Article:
Apart from being a bit mean, it goes against the basic principles of data protection and consumer law in the UK. The Data Protection Directive 95/46 EC places obligations on the data controllers and processors to take appropriate steps to protect the information from unauthorised disclosure or access, the burden is not on the data subject. Further, the Consumer Rights Act 2015 (“the Act”) was drafted with the aim of increasing fairness and transparency for consumers, which includes in respect of digital content. The Act “greylists” certain limitations of liability and considers “transferring inappropriate risks to consumers” unfair and potentially unenforceable. Were this clause to be analysed in conjunction with the Act, it is unlikely the Competition and Markets Authority and/or Trading Standards would let this slip thought the net.
In response, the ICO stated that when handling people’s personal data, organisations are responsible for keeping that data secure. It is unclear whether there will be formal consequences for VTech, but if they do not change the wording, they could come under further scrutiny.
Information about millions of people is collected for behavioural targeting, a type of marketing that involves tracking people’s online behaviour for targeted advertising. It is hotly debated whether data protection law applies to behavioural targeting. Many behavioural targeting companies say that, as long as they do not tie names to data they hold about individuals, they do not process any personal data, and that, therefore, data protection law does not apply to them. European Data Protection Authorities, however, take the view that a company processes personal data if it uses data to single out a person, even if it cannot tie a name to these data. This paper argues that data protection law should indeed apply to behavioural targeting. Companies can often tie a name to nameless data about individuals. Furthermore, behavioural targeting relies on collecting information about individuals, singling out individuals, and targeting ads to individuals. Many privacy risks remain, regardless of whether companies tie a name to the information they hold about a person. A name is merely one of the identifiers that can be tied to data about a person, and it is not even the most practical identifier for behavioural targeting. Seeing data used to single out a person as personal data fits the rationale for data protection law: protecting fairness and privacy.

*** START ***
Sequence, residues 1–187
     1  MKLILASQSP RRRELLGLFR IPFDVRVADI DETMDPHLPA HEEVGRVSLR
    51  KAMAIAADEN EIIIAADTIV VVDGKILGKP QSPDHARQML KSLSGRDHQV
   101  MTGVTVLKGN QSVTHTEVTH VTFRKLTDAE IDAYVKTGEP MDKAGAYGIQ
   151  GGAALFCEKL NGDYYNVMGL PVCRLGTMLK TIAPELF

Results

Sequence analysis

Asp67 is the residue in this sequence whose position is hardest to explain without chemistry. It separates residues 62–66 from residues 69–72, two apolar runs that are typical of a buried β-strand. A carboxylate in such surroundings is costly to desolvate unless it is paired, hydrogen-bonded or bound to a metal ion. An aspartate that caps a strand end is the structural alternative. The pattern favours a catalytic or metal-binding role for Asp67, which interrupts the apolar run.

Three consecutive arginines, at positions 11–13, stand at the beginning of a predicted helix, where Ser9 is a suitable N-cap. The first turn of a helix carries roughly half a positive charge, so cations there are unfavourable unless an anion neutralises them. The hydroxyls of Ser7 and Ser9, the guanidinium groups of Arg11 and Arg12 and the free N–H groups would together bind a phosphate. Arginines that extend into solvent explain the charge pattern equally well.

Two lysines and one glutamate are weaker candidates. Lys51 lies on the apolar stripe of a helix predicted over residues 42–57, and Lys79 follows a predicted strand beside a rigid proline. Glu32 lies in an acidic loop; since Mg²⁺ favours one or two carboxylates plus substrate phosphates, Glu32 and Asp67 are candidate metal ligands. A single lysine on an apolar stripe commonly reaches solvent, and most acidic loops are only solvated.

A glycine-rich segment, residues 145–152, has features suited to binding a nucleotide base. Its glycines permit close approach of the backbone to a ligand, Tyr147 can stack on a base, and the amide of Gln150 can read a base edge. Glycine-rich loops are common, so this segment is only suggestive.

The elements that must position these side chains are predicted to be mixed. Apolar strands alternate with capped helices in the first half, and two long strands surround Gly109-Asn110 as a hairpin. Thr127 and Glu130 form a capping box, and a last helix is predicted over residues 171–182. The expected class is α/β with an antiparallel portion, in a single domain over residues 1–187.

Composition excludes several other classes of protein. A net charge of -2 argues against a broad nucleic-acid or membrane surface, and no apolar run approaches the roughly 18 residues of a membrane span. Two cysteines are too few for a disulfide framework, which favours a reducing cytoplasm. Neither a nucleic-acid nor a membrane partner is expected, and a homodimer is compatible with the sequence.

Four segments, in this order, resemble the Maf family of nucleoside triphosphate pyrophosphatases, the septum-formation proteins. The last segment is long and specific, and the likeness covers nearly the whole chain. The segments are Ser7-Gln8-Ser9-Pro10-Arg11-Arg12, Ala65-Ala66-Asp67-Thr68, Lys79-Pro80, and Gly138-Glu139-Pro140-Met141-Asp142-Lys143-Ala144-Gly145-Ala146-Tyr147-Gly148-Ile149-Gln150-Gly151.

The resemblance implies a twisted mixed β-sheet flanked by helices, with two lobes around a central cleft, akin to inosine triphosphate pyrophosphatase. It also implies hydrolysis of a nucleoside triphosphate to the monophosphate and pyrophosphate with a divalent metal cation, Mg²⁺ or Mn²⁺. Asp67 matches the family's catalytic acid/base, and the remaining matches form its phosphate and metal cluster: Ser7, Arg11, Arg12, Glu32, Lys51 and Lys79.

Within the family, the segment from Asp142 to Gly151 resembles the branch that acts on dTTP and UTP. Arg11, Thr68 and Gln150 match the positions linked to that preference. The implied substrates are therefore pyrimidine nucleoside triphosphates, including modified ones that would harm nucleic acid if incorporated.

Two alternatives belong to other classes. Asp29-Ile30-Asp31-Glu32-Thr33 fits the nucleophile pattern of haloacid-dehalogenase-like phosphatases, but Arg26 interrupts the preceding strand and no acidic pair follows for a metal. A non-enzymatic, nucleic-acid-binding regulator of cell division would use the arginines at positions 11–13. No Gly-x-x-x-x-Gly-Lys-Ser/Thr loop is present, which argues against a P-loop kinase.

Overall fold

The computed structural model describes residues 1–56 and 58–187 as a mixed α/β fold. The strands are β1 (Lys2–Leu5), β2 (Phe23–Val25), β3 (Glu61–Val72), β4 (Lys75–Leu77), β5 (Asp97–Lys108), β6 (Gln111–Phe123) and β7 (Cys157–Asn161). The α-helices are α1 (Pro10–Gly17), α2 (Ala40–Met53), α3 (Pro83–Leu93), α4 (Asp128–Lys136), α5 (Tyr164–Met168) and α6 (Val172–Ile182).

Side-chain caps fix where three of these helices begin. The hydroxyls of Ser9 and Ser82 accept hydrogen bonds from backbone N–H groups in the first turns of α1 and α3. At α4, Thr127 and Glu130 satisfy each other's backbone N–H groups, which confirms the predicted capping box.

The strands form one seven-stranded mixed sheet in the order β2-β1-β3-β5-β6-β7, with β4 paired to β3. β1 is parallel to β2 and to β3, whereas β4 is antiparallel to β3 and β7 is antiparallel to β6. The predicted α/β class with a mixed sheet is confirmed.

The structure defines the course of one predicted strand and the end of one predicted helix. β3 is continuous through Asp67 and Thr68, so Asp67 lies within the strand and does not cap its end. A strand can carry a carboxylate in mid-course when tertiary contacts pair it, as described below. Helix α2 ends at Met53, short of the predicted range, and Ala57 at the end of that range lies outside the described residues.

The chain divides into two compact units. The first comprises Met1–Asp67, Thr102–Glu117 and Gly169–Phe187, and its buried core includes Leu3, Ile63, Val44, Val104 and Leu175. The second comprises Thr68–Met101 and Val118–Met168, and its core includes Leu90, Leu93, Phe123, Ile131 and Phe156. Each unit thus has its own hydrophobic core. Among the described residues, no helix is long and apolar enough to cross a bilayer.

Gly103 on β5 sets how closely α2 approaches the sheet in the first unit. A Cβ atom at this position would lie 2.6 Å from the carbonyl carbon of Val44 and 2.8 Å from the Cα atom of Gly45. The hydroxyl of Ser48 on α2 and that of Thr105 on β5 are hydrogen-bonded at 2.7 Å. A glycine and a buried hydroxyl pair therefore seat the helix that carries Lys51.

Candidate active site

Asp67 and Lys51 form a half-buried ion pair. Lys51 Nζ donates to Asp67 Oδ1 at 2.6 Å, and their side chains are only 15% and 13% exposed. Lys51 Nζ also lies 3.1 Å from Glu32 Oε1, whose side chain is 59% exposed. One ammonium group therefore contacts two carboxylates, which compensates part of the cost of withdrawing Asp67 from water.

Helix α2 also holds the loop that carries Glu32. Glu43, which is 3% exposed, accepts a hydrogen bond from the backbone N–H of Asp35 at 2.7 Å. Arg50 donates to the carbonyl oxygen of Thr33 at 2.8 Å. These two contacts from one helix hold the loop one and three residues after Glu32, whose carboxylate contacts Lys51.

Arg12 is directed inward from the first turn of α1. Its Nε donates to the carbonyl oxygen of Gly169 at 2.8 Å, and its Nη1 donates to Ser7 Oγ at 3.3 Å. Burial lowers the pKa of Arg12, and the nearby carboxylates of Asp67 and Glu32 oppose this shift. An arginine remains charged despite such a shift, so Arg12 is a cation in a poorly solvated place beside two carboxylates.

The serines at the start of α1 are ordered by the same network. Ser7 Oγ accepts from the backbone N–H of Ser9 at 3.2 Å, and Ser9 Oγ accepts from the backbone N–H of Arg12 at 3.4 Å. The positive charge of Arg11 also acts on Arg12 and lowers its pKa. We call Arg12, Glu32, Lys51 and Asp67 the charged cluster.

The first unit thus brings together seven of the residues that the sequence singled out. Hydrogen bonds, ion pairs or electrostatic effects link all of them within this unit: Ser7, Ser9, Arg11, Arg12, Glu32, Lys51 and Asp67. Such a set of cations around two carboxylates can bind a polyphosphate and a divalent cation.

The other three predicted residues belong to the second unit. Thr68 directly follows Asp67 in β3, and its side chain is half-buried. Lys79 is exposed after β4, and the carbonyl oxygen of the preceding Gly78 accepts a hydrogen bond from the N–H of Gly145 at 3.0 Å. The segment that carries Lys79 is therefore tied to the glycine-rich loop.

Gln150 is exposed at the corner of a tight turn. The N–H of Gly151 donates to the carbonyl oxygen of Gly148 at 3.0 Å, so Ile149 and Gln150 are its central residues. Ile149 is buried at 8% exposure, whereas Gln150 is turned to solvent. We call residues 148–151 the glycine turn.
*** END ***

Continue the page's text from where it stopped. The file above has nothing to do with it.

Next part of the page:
Availability: Proximity of the necessary infrastructure required for access.
Affordability: The cost of access relative to income.
Relevance: A reason for access, such as primary language content.
Readiness: The capacity to access, including skills, awareness and cultural acceptance.